London received him as the great French poet and playwright that he certainly was, and he managed to meet some of the leading English intellectuals of the era. He is known to have encountered Alexander Pope, Jonathan Swift, and John Gay and at least read the works of Isaac Newton, John Locke, and satirist Joseph Addison.
Taking intellectual life in England as the ideal, he wrote that he hoped that in France “the fashion for using one’s mind will come back….In England, as a rule, people think, and literature is more honored than in France.”
Voltaire came back to this theme in some of his poetry:
Shall Frenchmen never know what they require,
But damn capriciously what they admire?
Must laws with manners jar? Must every mind
In France, be made by superstition blind?
Wherefore should England be the only clime,
Where to think freely is not deemed a crime?
Over his lifetime, no one wrote more or better for the theater than Voltaire, and he did not stop at writing. He was often involved in rehearsals, even playing key roles in his plays. But it is his private correspondence that puts his writing style best on display and reveals most about the man.
Mme. Mervaud, president of the French Société des Etudes Voltairienne, believes his correspondence, which she has studied for years, provides the essential of Voltaire’s vision of the world. She finds his personal prose “pleasant, seductive and penetrating — the best way to get to his real thought processes.”
Many scholars have pored over this mountain of letters, about 15,000 of which have been collected for the Foundation project. (About another 15,000 are believed to have been lost.) Frequently on the move-to London, to Lorraine, to Geneva-Voltaire used letter writing to spread his ideas and to maintain contacts.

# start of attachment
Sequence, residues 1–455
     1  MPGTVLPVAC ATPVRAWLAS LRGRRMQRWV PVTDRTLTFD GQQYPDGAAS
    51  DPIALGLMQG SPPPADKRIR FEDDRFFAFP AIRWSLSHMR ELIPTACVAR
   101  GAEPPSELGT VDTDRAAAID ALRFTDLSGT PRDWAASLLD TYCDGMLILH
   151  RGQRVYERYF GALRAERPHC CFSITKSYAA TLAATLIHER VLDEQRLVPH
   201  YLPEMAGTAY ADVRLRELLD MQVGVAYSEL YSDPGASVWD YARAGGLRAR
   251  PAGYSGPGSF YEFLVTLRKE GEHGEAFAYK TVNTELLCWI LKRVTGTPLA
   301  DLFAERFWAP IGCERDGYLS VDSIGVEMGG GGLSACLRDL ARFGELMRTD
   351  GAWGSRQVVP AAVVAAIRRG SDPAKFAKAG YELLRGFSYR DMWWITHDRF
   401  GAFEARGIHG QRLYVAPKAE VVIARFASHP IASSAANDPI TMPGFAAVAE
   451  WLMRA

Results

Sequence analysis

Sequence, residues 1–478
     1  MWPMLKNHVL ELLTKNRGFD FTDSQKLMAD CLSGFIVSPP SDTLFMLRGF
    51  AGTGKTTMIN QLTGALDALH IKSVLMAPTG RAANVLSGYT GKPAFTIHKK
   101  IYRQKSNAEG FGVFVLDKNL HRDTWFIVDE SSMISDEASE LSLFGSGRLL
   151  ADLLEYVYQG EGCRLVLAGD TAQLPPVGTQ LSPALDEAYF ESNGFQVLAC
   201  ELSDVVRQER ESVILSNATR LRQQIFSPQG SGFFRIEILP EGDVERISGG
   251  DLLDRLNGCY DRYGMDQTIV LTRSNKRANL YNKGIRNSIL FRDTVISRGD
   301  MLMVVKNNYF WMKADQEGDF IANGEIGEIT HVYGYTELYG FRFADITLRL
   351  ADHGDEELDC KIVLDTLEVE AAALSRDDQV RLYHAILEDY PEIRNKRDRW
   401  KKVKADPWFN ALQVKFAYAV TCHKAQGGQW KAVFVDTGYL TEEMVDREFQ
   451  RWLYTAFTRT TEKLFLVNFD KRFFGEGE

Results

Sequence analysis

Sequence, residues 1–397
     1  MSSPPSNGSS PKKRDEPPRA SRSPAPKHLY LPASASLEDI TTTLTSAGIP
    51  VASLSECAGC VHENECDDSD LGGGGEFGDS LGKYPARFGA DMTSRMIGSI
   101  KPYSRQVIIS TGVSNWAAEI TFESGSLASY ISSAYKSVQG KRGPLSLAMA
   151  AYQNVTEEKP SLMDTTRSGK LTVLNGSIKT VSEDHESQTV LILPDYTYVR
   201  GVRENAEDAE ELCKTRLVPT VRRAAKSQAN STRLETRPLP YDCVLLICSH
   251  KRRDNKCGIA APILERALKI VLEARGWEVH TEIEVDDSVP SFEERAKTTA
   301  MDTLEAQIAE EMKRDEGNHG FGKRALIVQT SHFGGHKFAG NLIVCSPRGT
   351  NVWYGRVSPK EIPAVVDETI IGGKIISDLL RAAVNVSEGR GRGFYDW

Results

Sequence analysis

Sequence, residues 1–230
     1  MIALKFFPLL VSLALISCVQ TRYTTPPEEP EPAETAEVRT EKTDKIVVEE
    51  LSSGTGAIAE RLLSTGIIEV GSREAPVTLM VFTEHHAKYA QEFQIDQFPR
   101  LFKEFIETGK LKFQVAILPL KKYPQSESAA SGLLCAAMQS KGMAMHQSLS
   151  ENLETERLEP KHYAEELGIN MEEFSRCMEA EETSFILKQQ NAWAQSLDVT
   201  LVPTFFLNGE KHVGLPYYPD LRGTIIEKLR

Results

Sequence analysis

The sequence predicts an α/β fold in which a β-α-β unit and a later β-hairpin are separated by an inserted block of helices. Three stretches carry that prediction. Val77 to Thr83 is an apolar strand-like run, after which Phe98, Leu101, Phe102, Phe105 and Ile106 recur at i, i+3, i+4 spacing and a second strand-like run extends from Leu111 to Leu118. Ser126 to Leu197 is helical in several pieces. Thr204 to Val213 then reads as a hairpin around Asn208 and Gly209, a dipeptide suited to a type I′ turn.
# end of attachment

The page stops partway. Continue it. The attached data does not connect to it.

His correspondence leaves a valuable record of his times. He lived through the Seven Years’ War and the regency after the death of Louis XIV. And he corresponded extensively with Frederick the Great of Prussia and Catherine the Great of Russia. These letters, says Mme. Mervaud, reveal an “appetite for life and a desire to communicate.” Reading them, “we breathe the very air of the 18th century.”
Three years in the court of Frederick in Berlin ended in a bitter break in their relations in 1754. His next stop was in the neutral city-state of Geneva, then known for its tolerance and freethinking ways. He purchased a chateau and called it “Les Délices” (The Delights).
It was here that he experienced a creative burst, writing another tragedy for the theater, a series of poems, and publishing Candide. He said later that Geneva pleased him because “the language is French but the thinking is English.” He moved across the border in 1759 after strains with Geneva’s administrators, ending his days Ferney, France, now renamed “Ferney Voltaire” in his honor.
To be sure, Voltaire has always had his detractors, but in today’s open society his anti-clerical polemics cause less distress. Nevertheless, his ridiculing of French national heroine Joan of Arc has kept a debate going in France about his influence for good or evil. “Voltaire divides, but Joan unites,” wrote Jean-Marie Goulemot and Eric Walter in a widely read essay in 1997.
And in the modern Anglo-Saxon world, some right-leaning academics have written recently of Voltaire as the embodiment of the liberal consensus they oppose. Voltaire — the arch libertarian — would be amused at the redefinition of labels.
Mme. Mervaud told me she sees Voltaire’s thought as eternally relevant. His principal lesson, she says, is “Dare to think for yourself, outside of conformity and orthodoxy.” In effect, she added, “Voltaire teaches us we are born with this ability and it would be a shame not to use it.”
The libertarians of today would approve.